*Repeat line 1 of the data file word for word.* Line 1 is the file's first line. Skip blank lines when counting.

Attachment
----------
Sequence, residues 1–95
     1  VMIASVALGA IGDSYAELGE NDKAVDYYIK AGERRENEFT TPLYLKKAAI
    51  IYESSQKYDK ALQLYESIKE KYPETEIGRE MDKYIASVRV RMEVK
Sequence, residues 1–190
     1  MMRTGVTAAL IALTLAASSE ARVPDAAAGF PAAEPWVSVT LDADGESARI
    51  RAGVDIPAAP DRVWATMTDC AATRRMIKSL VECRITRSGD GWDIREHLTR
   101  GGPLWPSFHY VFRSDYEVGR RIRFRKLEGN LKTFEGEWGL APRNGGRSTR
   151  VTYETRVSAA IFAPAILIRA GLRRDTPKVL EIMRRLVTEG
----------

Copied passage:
Sequence, residues 1–95